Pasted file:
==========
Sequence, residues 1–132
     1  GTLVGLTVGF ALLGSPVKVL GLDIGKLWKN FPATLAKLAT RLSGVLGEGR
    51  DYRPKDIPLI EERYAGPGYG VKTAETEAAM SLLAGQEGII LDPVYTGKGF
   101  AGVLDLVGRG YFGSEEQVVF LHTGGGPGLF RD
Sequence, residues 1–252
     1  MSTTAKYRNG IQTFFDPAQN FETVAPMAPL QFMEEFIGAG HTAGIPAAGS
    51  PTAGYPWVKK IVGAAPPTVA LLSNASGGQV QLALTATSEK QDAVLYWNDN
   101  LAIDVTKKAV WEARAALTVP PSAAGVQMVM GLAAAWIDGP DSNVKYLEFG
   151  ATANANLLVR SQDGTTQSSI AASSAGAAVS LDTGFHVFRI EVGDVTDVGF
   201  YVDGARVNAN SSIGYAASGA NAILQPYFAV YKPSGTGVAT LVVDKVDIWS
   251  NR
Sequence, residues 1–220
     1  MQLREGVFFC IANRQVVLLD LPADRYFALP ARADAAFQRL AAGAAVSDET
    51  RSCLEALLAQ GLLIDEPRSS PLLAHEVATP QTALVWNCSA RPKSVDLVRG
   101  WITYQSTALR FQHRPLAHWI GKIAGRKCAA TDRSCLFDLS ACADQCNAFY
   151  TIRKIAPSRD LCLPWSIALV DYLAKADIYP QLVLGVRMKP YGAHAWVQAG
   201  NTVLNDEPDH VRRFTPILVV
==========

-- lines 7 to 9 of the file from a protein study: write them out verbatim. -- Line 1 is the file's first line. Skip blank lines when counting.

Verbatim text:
    51  PTAGYPWVKK IVGAAPPTVA LLSNASGGQV QLALTATSEK QDAVLYWNDN
   101  LAIDVTKKAV WEARAALTVP PSAAGVQMVM GLAAAWIDGP DSNVKYLEFG
   151  ATANANLLVR SQDGTTQSSI AASSAGAAVS LDTGFHVFRI EVGDVTDVGF